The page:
MUCH ADO ABOUT NOTHING
by William Shakespeare.
Royal Exchange Theatre St Ann’s Square M2 7DH To 3 May 2014.
Mon-Fri 7.30pm Sat 8pm Mat Wed & 17 April 2.30pm, Sat 3.30pm.
Audio-described 26 April 3.30pm.
BSL Signed 29 April.
Captioned 22 April.
Post-show Discussion 24 April.
Runs 2hr 30min One interval.
TICKETS: 0161 833 9833.
Review: Timothy Ramsden 7 April.
Rather too much ado at times.
As with Twelfth Night, Much Ado sees the theoretically secondary characters, the ‘comic relief’, taking over. The play would be nothing without the older Beatrice and Benedick’s defensive bickering all the way to marriage. But their comedy would fall flat without the serious story of innocent young lovers Hero and Claudio, stopped short at the altar by the inexplicably malcontent Don John’s manoeuvrings.
Their stories merge when Benedick, finally admitting he loves Beatrice, is commanded by her to kill the friend who jilted Hero on the basis of malicious rumours. Coming after their love talk, it inevitably produces a laugh.
As do the scenes where characters believe they are eavesdropping on conversations that have actually been set-up for them to overhear. These are both comic and tragic, though it’s the comic ones we see, with Maria Aberg’s production using the Royal Exchange’s in-the-Round stage and its front audience rows inventively for Benedick and Beatrice to conceal themselves as they listen-in.
The putting-up and crashing-down of decorations, the opening-out of a wooden structure to create an earthy garden, in Merle Hensel’s set follow the play’s mood. Less successful is the visual comedy by the dull Watch who, amid their leader Dogberry’s mangling of meaning, uncover the plot against Hero. Clumsy visual clowning overlays the balanced humanity of their simplicity and good intentions. At least there are women on patrol in this post-War setting.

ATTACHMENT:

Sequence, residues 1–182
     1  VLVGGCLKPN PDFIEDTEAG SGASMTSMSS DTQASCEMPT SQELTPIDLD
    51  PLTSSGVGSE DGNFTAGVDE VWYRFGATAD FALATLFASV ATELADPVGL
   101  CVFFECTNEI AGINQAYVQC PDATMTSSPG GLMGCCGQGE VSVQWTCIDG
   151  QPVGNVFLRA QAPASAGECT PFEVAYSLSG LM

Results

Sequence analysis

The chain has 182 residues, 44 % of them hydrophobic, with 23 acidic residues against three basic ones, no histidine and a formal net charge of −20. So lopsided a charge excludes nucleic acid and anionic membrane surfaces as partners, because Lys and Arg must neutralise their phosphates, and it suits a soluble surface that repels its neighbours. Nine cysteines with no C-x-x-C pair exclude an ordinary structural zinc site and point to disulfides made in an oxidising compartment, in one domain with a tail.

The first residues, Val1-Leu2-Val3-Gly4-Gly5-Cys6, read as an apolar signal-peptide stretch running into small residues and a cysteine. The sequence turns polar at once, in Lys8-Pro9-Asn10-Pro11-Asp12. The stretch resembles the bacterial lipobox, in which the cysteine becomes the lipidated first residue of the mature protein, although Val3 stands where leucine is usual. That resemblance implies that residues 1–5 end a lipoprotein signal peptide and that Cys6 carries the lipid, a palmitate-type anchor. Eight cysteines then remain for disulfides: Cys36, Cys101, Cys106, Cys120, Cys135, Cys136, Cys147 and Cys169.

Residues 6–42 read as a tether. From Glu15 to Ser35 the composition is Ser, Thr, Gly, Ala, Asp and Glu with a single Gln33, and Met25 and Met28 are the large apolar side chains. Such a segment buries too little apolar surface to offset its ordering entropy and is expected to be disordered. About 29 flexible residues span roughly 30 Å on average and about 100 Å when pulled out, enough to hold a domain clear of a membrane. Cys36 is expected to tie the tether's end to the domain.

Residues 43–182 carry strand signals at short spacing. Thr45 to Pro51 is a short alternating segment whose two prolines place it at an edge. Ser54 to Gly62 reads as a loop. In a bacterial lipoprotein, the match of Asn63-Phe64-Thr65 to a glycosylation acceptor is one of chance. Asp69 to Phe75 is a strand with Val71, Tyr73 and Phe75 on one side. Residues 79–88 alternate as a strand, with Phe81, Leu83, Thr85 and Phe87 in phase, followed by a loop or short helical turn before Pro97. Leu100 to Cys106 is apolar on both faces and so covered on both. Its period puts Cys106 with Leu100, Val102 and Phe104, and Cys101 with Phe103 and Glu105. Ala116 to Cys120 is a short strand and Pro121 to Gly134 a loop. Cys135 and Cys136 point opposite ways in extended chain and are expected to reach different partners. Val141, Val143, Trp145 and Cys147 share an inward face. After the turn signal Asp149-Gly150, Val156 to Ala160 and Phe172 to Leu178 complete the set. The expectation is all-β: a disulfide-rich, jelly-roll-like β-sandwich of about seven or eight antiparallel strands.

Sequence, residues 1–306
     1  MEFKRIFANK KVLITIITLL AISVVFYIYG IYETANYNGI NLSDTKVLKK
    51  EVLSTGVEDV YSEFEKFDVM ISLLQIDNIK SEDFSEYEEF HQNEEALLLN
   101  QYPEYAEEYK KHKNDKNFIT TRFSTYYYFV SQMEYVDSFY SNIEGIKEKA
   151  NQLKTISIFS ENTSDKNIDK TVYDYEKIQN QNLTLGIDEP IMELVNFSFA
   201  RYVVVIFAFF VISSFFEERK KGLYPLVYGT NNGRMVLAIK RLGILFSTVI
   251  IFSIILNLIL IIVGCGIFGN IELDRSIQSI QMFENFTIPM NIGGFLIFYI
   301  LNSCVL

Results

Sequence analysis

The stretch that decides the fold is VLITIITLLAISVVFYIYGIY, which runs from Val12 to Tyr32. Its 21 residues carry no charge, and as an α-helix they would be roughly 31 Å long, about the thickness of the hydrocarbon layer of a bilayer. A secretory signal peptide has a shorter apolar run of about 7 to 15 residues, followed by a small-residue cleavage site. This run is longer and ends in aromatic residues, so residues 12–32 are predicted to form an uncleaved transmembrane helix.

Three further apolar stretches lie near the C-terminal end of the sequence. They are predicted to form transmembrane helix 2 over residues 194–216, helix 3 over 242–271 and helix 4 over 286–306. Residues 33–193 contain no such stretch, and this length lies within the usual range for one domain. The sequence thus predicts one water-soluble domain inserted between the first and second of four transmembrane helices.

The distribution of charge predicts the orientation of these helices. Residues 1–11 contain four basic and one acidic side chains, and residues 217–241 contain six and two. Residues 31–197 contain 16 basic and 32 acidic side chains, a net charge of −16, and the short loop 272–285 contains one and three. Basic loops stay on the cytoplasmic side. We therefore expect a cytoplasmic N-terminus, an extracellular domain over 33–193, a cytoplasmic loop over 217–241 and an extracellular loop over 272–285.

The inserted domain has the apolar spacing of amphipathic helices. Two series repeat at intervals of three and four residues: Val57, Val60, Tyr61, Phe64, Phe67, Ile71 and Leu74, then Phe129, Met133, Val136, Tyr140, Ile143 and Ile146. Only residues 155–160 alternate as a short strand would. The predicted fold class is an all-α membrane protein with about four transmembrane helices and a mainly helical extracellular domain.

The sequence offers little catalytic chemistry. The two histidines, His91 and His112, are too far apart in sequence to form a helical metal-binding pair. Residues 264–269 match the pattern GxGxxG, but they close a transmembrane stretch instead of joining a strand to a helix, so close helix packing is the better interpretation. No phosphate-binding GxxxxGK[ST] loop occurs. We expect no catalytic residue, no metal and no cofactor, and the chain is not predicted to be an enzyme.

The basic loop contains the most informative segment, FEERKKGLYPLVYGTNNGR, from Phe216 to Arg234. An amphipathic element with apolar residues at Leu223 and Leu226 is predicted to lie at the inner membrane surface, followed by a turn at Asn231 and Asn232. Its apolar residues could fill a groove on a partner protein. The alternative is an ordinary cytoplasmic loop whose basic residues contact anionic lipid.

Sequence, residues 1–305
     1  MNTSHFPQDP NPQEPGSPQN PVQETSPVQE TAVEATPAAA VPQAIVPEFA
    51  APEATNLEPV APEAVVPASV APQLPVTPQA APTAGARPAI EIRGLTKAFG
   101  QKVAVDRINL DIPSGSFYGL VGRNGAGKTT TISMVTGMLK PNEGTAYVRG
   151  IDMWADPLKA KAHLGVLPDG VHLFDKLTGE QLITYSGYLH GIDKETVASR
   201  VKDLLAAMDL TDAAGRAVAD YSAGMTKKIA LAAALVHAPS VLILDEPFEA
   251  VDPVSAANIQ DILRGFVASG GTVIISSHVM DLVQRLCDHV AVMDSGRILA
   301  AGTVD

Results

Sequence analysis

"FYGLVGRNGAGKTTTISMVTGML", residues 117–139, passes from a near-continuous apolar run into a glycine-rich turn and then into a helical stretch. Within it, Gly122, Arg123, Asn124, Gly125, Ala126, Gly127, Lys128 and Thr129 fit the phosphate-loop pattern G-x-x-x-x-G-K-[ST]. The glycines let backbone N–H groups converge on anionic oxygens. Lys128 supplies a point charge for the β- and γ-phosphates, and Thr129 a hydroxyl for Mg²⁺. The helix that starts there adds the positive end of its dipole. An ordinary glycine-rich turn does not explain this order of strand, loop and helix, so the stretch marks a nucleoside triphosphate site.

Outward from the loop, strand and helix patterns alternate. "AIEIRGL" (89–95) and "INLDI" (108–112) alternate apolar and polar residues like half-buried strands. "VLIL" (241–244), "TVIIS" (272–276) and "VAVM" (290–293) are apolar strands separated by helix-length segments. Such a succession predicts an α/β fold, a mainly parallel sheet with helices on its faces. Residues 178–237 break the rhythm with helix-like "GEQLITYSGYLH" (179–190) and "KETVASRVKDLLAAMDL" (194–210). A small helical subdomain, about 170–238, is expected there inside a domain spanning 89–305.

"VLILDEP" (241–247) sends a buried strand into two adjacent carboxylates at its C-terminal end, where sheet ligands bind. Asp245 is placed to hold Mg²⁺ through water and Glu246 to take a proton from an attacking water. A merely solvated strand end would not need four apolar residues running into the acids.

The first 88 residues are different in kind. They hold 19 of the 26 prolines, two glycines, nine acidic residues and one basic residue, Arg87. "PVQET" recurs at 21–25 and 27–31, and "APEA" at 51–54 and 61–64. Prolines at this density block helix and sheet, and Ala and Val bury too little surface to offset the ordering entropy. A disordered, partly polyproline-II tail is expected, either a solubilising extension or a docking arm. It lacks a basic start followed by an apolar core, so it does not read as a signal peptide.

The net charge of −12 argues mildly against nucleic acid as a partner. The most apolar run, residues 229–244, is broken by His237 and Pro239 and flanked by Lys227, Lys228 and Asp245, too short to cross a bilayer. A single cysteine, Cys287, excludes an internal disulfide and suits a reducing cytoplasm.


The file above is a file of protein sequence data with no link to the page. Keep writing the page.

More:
Hero and Claudio are quietly efficient, Paul Ready’s Benedick promisingly lively, but tending, like much here, to external energy rather than concentrated character development. Good work from Beverly Rudd’s Ursula and Sophia Nomvete’s Margaret, including silent guilt when realising she’s been tricked into the plot against Hero.
Ellie Piercy has a sad edge to her sparky nature, and apart from needing clearer articulation in her speedily spoken early scenes is a suitably complex Beatrice.
Aberg might have spent less time on external gags, more on analysing moments where verse-speaking creates unreliable emphases. For the ideal, look to Marty Cruikshank’s Leonata. What matters isn’t that the role becomes female, but that Cruikshank combines technical accuracy and recognisable human emotion.
Benedick: Paul Ready.
Leonata: Marty Cruikshank.
Beatrice: Ellie Piercy.
Don Pedro: Jason Baughan.
Claudio: Gerard Kearns.
Dogberry: Sandy Foster.
Boracchio: Danny Dalton.
Hero: Becci Gemmell.
Don John: Milo Twomey.
Ursula/Verges: Beverly Rudd.
Margaret/Sexton: Sophia Nomvete.
Friar Francis: Geoff Leesley.
Antonio: James Pearse.
Watchman/Messenger: David Judge.
Director: Maria Aberg.
Designer: Merle Hensel.
Lighting: Lee Curran.
Sound: Carolyn Downing.
Choral & Musical arranger: Jeff Borradaile.
Movement: Ayse Tashkiran.
Voice/Text: Alison Bomber.
Assistant director: Liz Stevenson.